On 28 November 2012, the Information Commissioner's Office ("ICO"), following an 18 month investigation of the activities of Tetrus Telecoms, has issued its first fine under the Privacy and Electronic Communications Regulations since these powers were approved in January 2012.  The ICO's investigation discovered that Tetrus Telecom, jointly owned by Christopher Niebel and Gary McNeish, were sending large volumes of unsolicited text messages from offices in Stockport and Birmingham without the consent of the recipient or identifying the sender.  Any replies received to these messages were then used to generate leads that were sold to other companies at a considerable profit.

Tetrus Telecom was set up in 2009 and is believed to have been operational since then.  The evidence collected by the ICO showed that Tetrus Telecom was using unregistered pay-as-you-go Sim cards to send out as many as 840,000 illegal text messages a day generating an income of £7,000-£8,000 a day.  The fine imposed by the ICO was split, with Christopher Niebel being required to pay £300,000 and Gary McNeish, who appeared to have taken less out of the business, £140,000.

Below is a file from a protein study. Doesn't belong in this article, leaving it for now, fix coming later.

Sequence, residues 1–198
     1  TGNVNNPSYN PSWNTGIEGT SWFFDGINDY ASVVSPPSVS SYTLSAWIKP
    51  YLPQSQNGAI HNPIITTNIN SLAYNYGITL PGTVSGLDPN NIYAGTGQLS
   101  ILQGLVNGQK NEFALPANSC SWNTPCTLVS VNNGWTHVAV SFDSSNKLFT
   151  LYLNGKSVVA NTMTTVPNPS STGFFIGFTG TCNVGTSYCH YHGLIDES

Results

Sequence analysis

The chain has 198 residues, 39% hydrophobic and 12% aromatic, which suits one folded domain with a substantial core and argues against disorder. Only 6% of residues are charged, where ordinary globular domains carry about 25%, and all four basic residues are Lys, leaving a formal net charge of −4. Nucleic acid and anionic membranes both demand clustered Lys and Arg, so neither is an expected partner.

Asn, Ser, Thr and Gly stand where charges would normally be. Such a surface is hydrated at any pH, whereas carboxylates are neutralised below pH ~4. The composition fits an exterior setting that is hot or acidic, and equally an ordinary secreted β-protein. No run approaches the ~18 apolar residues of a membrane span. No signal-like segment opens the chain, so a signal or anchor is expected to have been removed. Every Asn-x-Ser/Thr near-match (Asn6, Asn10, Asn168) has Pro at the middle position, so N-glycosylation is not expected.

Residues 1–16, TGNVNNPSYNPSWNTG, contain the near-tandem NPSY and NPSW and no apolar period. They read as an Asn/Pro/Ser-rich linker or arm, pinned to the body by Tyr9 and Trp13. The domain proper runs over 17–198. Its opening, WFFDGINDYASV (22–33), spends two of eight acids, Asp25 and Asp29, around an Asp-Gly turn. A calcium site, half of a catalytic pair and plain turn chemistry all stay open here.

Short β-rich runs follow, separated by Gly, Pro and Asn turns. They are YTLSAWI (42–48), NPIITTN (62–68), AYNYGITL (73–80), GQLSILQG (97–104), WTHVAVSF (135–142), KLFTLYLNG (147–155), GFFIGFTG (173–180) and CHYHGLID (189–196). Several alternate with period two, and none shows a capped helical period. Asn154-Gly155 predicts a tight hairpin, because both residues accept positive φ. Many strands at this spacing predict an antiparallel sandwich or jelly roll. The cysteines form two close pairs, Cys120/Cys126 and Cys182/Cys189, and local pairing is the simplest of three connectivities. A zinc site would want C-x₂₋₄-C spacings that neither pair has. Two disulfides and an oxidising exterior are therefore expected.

The ICO is able to levy fines of up to £500,000 for serious breaches of the Data Protection Act 1998 as well as PECR.  This is not only its first fine under PECR, but represents the highest fine the ICO has issued so far using its civil penalty powers.  It is clearly pitched as a warning to others.  SPAM texts generate a considerable number of complaints to the ICO and the ICO has set up a specific task force which is focused on this area of non-compliance.